Center for Education Innovations: This Week's News & Views

Kimberly Josephson

This week at CEI

On the left, the CEI Global Team in Entebbe, Uganda. 

Last week, the CEI Global Team Summit was held in Uganda, with participation from our partners based in the U.S., Nigeria, Kenya, South Africa, Pakistan and India. At the Summit, the team reflected on the Center's accomplishments thus far and discussed future activities and priorities for CEI. The Summit, which lasted three days, included site visits to local innovators Dwelling Places and Educate!, as well as an innovator panel with representatives from Maendeleo Foundation, Varkey GEMS Foundation's Teacher Training Program, and Children’s Sure Houses.

Yesterday, Google announced the four winners of the Global Impact Award. Congratulations to Agastya, who will be using the Rs 3 crore prize (about US $500,000) to launch a network of motorbike labs and bring science education to 1,620 rural schools. Pratham Books, a finalist, additionally received Rs 1.5 crore to build an open platform for sharing and translating 20,000 books in 25 languages. 

The 2013 WISE Summit, “Reinventing Education for Life”, was held Tuesday through Thursday this week in Doha, Qatar and featured a number of diverse, interesting panel sessions and debates (you can replay some online). A number of CEI-profiled programs earned recognition for their innovative solutions. Congratulations to:


  • November 30 | D-Prize - Submit an application for D-Prize, a $20,000 award for social entrepreneurs with a plan to distribute solutions to fight poverty. Challenge areas include girls’ education, global health, energy, education, and governance.
  • November 30 | UNGEI Good Practice Fund - The United Nations Girls’ Education Initiative (UNGEI) seeks to identify well-documented, scalable or replicable programs with some proof of effectiveness to strengthen the evidence base for girls’ education. Interventions should work to improve girls’ participation, learning, and empowerment at the pre-primary, primary and/or post-primary/secondary level, including non-formal and alternative education. Proposals due by November 30.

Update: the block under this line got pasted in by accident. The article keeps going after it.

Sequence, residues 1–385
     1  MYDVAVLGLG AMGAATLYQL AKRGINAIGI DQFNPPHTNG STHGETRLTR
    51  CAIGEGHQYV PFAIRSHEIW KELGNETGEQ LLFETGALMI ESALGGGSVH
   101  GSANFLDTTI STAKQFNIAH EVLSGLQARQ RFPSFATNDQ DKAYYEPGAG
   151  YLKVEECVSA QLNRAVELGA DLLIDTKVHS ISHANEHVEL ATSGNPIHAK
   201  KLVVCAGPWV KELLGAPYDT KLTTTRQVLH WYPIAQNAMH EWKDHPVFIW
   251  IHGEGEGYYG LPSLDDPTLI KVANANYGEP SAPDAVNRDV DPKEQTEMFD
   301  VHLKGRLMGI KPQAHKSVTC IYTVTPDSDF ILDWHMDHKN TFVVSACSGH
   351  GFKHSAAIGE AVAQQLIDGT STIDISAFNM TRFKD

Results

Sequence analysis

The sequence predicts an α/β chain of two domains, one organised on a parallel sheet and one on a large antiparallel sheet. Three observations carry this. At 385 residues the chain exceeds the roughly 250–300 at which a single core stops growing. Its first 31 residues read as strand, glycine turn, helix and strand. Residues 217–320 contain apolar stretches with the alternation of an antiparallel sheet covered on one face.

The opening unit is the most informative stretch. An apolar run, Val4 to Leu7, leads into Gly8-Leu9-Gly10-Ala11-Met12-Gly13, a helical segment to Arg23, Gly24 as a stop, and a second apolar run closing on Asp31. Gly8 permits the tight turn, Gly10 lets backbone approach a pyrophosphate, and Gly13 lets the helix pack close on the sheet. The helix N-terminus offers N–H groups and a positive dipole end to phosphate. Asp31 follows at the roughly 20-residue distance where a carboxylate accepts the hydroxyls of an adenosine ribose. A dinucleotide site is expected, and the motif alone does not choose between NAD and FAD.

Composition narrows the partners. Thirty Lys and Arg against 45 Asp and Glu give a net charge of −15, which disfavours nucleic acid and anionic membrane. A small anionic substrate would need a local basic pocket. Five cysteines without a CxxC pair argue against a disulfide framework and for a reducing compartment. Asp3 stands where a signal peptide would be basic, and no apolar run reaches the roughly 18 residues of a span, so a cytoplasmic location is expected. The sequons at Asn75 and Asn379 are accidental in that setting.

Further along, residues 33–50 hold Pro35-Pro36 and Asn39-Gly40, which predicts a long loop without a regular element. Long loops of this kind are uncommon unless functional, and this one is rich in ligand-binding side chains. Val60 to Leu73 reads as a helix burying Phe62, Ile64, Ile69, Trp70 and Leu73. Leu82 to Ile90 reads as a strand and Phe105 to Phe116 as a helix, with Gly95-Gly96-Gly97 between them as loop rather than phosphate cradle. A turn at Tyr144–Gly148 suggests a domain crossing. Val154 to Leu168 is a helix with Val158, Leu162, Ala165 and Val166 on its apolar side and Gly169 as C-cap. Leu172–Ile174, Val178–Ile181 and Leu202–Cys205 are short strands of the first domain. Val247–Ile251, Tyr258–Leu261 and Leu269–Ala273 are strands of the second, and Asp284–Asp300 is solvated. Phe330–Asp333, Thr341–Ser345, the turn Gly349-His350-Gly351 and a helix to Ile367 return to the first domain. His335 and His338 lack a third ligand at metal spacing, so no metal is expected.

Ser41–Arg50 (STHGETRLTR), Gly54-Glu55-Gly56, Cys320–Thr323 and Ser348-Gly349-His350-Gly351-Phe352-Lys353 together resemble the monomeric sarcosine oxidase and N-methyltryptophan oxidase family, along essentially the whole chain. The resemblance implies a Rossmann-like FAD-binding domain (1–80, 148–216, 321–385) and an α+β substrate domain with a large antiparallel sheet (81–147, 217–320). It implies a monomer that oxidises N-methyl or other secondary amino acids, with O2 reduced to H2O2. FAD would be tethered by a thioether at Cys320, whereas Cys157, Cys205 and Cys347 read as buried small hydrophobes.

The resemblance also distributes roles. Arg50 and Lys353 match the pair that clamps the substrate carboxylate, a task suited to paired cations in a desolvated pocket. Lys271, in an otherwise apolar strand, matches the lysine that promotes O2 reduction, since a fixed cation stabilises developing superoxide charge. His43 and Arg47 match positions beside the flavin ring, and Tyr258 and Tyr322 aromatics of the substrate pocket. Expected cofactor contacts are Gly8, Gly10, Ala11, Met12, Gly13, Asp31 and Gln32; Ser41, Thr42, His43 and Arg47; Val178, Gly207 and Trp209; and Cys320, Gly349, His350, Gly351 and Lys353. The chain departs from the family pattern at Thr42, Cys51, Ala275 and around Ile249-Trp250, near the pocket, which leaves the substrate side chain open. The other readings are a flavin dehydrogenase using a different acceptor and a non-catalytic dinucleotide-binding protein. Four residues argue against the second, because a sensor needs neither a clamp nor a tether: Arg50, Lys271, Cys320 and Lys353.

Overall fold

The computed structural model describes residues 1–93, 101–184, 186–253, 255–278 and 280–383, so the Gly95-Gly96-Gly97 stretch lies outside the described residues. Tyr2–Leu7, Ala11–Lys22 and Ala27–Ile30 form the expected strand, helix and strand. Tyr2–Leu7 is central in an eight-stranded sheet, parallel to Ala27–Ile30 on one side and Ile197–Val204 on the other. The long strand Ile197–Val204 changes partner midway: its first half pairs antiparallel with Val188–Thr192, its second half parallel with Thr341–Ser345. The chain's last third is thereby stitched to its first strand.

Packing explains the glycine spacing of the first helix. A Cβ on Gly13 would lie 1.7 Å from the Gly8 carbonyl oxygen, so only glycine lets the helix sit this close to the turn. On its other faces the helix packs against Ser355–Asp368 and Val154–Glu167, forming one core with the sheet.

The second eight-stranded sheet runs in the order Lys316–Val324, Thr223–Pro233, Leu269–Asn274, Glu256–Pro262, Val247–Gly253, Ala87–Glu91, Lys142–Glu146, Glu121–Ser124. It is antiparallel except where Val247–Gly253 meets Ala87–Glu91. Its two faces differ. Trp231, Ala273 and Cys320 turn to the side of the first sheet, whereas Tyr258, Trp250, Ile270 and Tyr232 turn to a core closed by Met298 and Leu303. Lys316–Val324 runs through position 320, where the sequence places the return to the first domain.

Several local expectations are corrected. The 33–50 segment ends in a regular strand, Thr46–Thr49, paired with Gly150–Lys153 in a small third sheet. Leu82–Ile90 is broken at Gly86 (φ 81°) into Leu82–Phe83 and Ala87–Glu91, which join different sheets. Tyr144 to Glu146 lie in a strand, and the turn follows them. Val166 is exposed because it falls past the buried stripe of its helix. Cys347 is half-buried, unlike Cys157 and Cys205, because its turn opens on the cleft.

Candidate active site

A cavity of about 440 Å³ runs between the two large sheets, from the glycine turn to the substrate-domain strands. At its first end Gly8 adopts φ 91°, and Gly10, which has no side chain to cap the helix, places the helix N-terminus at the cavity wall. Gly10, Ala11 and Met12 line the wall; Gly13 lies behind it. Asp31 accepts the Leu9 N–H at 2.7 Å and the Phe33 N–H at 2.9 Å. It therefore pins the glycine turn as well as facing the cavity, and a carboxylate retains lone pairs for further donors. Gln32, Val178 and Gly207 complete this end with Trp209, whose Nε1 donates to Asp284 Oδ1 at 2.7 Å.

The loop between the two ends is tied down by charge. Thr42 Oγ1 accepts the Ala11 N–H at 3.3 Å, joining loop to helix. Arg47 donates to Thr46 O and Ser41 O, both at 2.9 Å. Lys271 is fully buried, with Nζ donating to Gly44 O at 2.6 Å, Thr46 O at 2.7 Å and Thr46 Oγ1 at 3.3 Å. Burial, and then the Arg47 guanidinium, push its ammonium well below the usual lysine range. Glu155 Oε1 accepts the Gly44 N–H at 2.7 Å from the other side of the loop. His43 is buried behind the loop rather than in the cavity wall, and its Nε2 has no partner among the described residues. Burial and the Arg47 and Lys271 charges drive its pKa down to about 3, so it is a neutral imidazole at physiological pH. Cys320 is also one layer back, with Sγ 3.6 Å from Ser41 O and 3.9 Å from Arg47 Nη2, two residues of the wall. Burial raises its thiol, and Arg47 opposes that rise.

• December 20 | Pan African Awards for Entrepreneurship in Education - The Saville Foundation is now accepting applications for the 2013 Pan African Awards for Entrepreneurship in Education. Organizations applying must be based in Africa, entrepreneurial and creative, sustainable, and demonstrate a measurable impact on the community. Prizes include $10,000 for 1st place, $5,000 for 2nd and 3rd places, and 55 small awards for the best entry from each country.
  • January 15, 2014 | 2014 WISE Awards - The 2013 WISE Summit may have just ended, but the submission period for the 2014 WISE Awards is now open through mid-January. Six innovative education solutions will each be awarded US $20,000.
  • January 16, 2014 | Saving Brains Challenge - The Grand Challenges Canada Saving Brains initiative will provide seed funding and transition-to-scale funding for innovative interventions that nurture and protect early brain development in low- and middle-income countries. Proposals are due in mid-January.

Education News

A lesser-known crisis in Central African Republic (CAR) -  Years of political unrest culminated in violent conflict between government and rebel forces last December but many around the world are still unaware of the devastation this has caused, including severe human rights abuses, displacement of about 10% of the entire population, and the destruction or closure of hundreds of schools. The situation remains precarious for the country’s students and teachers as fear of violence continues to drive down attendance. UNICEF and partners recently conducted a survey across 11 regions to assess the state of education since the conflict erupted. Read a summary of the report.